After powering it up and taking a look at those LED fans, this case is quite the looker. Not only is she a beauty, but she's incredibly quiet too! I still cannot get over how quietly this case runs. Sometimes I have to check and make sure it's still on even when it's sitting right next to me. I love the blue, but what can I say, I am BluePanda after all…

Specifications:

 

Case Type:
Full Tower
Material:
SECC
Front Bezel Material:
Combination of plastic and high air flow mesh
Color:
Black inside and out
Side Panel:
Solid with transparent window
Motherboard Support:
mATX, ATX, E-ATX
Motherboard Tray:
No
5.25" Drive Bays:
3
Ext. 3.5" Drive Bay:
Use converter
Int. 3.5" Drive Bay:
5
Expansion Slots:
8
Front I/O:
USB 3.0 x 2, USB 2.0 x 2, eSATA x 1, Microphone & Speaker
Liquid Cooling Capable:
Yes
Power Supply Included:
No
Dimensions:
535 x 220 x 580 mm
Net Weight:
10.3 kg
Security Lock:
Peripherals only

 

 

Features:

 

Cooling:

 


All information courtesy of: http://www.thermaltake.com/products-model.aspx?id=c_00001803


Testing the Tt Oversseer RX-I required pushing my hardware to heat things up! Testing involved recording temperatures for the CPU, GPU, chipset, hard drives, and overall system during idle and load phases. Load was simulated by running Prime95’s small FFTs, HD Tune, and 3Dmark Vantage for one hour. The maximum temperatures were recorded using HW Monitor. It is important to note that each case is tested from its factory setup, including location of fans, unless otherwise noted.

Fortunately or unfortunately, depending on how you look at it, this is the new year and I have new hardware! However, this means that I don't have a lot of chassis to compare to at the moment. I have the stock 600T we run around here at OCC along with the current case. So I do apologize for the lack results here, but as the year progresses there should be more comparators.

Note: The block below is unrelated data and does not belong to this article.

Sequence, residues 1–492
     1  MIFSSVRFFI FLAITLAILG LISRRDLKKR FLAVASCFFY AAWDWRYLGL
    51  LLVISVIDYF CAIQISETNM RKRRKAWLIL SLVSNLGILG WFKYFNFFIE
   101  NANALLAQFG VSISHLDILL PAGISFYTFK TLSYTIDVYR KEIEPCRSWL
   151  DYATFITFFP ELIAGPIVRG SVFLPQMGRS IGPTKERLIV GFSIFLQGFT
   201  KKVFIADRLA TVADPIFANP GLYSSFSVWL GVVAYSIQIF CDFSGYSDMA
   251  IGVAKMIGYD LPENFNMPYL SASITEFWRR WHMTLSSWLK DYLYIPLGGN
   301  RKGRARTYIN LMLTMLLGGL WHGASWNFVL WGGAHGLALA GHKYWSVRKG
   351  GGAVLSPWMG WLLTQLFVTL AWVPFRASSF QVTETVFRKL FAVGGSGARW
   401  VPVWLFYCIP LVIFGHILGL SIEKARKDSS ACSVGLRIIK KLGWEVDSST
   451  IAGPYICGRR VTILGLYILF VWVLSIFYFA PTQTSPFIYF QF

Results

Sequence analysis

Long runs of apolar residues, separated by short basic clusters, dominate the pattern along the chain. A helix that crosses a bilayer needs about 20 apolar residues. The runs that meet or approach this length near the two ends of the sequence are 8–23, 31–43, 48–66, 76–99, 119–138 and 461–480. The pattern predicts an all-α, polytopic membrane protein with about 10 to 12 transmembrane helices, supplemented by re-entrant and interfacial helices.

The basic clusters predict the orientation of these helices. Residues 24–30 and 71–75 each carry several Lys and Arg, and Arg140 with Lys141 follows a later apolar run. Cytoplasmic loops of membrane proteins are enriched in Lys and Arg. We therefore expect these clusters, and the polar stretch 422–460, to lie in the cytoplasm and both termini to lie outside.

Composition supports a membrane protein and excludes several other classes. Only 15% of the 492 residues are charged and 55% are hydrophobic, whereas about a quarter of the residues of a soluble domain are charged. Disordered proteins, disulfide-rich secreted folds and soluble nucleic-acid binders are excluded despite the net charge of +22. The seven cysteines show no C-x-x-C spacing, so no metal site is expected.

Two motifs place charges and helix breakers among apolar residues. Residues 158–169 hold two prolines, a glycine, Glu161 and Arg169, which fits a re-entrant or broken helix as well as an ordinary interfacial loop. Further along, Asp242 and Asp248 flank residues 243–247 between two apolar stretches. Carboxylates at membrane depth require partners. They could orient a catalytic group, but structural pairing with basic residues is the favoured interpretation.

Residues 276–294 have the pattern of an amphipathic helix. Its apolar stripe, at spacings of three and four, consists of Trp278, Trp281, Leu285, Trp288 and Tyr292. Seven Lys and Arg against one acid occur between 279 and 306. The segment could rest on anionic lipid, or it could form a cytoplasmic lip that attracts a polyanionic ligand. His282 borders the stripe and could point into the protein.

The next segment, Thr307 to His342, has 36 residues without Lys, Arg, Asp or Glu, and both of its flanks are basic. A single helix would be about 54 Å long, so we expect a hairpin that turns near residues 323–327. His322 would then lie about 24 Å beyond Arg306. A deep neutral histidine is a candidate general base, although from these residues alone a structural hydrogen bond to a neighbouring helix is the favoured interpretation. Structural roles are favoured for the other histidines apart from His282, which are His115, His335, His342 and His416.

Testing Setup:

 

Comparison Cases:

 

Results:

 

 

 

 

 

 

 

 

 

Cooling-wise, this case does well even when pitted against only one comparison case. Looking back to when I had the old AMD rig, the Corsair 600T always ran quite hot. As long as the Overseer is performing better than the 600T it is a step in the right direction. The CPU temps were unbelievable at first, and I actually retested them just to see that they were that low…they were!! HDD temps were unusually hot and even after a couple of retests they still scored high. I'm guessing it's all that additional plastic used for mounting keeping things toasty. I didn't like the mounting system anyway, so perhaps this will improve in the next generation. Overall, it's still a good case. It's one I'm actually going to be keeping around for a while, which speaks for itself.

Conclusion:

In the end, it's hard to find that so-called "perfect" case. Personally I don't think one exists that will ever hold up to my extreme standards. I'm rather picky when it comes to cases, but the Tt Overseer RX-I left me pleasantly surprised. The only thing that bothered me that I'm struggling to get past is the annoyance of the screws on the HDD mounts. I just don't understand why Thermaltake would take a step back and require screws on HDDs again. I would rather deal with hard-to-bend plastic mounts than to have a screw-in configuration. This annoyance doesn't completely cancel out the great features it does have though. The blue is something I like, but I know not everyone wants this color so I respect my readers by saying blue doesn't win it all. Overall, it's a pretty solid case, and I can see myself using it for my secondary build for some time to come. It's smaller than the HAF 932, which is nice even after all my love for that 932. Once you "burn" off that weird plastic smell that it emits for the first week or so, she's so silent you hardly know you even have a computer anymore. I was honestly worried my CPU fans weren't even running because it was so quiet. The hot-swap bay on top is just icing on the cake. I'm not completely infatuated with its appearance, but the quietness and performance almost find my true love.

 

Pros:

 

Cons: